Consider the following fact: Ninety-nine percent of the species that have ever lived on Earth are now extinct. There are two very different questions one could ask about a fact of this sort, if one wanted to assess the reasonableness of believing in God. One could ask, “Is this fact compatible with the existence of an omnipotent, omniscient and compassionate God?” Or, one could ask, “Does this fact, alone or in combination with other facts, suggest that an omnipotent, omniscient and compassionate God exists?” The answer to the first question is always, “well, yes—provided you add that God’s will is utterly mysterious.” (In the present case, He may have wanted to destroy 99% of his creatures for some very good reason that surpasses our understanding.) The answer to the second question is “absolutely not.” The problem for Collins is that only the second question is relevant to our arriving at a rational understanding of the universe. The fact that a bowdlerized evangelical Christianity can still be rendered compatible with science (because of the gaps in science and the elasticity of religious thinking) does not mean that there are scientific reasons for being an evangelical Christian.
Collins sins against reasonableness do not end here. Somewhere during the course of his scientific career, he acquired the revolting habit of quoting eminent scientists out of context to give an entirely false impression of their religious beliefs. Misappropriation of Einstein and Hawking, while common enough in popular religious discourse, rises to level of intellectual misconduct when perpetrated by a scientist like Collins. Where either of these physicists uses the term God—as in Einstein’s famous God does not play dice—he uses it metaphorically. Any honest engagement with their work reveals that both Einstein and Hawking reject the notion of Collins God as fully as any atheist. Collins suggests otherwise at every opportunity.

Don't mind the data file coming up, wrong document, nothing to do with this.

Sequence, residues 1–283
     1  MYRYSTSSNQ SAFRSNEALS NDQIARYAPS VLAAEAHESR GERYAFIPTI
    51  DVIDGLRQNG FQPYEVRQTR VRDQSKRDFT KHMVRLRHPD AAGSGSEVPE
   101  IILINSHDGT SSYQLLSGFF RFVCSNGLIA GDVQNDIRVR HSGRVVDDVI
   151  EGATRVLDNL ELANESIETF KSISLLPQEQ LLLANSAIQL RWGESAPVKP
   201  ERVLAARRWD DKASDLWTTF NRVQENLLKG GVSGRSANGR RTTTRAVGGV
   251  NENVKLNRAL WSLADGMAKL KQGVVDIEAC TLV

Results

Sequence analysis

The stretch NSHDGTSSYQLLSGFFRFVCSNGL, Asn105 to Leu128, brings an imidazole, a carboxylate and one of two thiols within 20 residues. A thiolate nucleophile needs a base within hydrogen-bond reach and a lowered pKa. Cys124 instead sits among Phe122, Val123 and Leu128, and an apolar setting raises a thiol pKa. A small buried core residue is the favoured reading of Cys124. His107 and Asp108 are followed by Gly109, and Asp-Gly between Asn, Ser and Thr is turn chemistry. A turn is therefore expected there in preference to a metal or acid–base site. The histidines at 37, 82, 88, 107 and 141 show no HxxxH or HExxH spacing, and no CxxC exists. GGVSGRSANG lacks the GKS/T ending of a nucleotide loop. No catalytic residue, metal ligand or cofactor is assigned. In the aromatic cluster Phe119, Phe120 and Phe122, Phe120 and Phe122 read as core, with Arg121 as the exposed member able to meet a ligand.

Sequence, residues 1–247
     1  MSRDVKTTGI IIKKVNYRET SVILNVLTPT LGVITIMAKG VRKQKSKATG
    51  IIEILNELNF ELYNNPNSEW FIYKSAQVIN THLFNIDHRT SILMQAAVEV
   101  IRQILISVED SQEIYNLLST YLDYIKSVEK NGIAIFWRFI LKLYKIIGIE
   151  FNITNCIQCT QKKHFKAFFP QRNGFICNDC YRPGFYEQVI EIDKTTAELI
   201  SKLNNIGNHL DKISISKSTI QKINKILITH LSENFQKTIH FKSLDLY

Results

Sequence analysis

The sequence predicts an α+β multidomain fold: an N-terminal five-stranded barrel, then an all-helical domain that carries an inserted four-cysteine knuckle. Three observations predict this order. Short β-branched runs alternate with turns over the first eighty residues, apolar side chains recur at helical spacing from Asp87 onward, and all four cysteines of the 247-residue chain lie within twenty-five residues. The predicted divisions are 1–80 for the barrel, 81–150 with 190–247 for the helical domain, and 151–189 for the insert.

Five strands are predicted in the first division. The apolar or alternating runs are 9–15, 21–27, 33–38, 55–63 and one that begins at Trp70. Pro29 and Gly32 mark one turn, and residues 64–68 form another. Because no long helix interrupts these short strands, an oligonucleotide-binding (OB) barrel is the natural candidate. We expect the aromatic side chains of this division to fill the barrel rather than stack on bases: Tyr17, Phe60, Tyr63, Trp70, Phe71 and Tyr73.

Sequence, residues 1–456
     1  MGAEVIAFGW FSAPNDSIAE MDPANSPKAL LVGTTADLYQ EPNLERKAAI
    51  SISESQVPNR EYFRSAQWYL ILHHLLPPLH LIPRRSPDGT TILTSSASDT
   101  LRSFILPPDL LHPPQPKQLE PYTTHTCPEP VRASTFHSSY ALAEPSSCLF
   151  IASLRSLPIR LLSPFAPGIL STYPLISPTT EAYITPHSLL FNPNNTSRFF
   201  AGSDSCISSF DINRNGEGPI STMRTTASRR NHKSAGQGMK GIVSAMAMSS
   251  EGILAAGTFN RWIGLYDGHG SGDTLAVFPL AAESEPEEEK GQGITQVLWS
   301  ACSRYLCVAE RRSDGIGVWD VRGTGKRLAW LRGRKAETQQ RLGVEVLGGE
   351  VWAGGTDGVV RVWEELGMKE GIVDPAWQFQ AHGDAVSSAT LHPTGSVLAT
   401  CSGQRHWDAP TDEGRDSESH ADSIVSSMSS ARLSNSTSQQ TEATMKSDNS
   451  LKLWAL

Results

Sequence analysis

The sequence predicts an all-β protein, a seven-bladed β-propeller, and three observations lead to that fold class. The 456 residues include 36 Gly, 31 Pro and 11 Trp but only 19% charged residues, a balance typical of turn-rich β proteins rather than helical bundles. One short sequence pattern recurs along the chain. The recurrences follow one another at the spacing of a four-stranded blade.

In his role as Christian apologist, Collins also makes the repellent claim that the traditional lore about Galileo’s persecutions by the Church is overblown. Lest we forget: Galileo, the greatest scientist of his time, was forced to his knees under threat of torture and death, obliged to recant his understanding of the Earth’s motion, and placed under house arrest for the rest of his life by steely-eyed religious maniacs. He worked at a time when every European intellectual lived in the grip of a Church that thought nothing of burning scholars alive for merely speculating about the nature of the stars. As Collins notes, this is the same Church that did not absolve Galileo of heresy for 350 years (in 1992). When it did, it ascribed his genius to God, who, stirring in the depths of his spirit, stimulated him, anticipating and assisting his intuitions. Collins clearly approves of this sordid appropriation, and goes on to say that all the fuss about Galileo was, in the end, unnecessary, because the claims that heliocentricity contradicted the Bible are now seen to have been overstated. (And what if they weren’t overstated? What then?) It is simply astonishing that a scientist has produced such a pious glossing of the centuries of religious barbarism that were visited upon generations of other scientists.
If one wonders how beguiled, self-deceived and carefree in the service of fallacy a scientist can be in the United States in the 21st century, The Language of God provides the answer. The only thing that mitigates the harm this book will do to the stature of science in the United States is that it will be mostly read by people for whom science has little stature already. Viewed from abroad, The Language of God will be seen as another reason to wonder about the fate of American society. Indeed, it is rare that one sees the thumbprint of historical contingency so visible on the lens of intellectual discourse. This is an American book, attesting to American ignorance, written for Americans who believe that ignorance is stronger than death. Reading it should provoke feelings of collective guilt in any sensitive secularist. We should be ashamed that this book was written in our own time.
August 15, 2006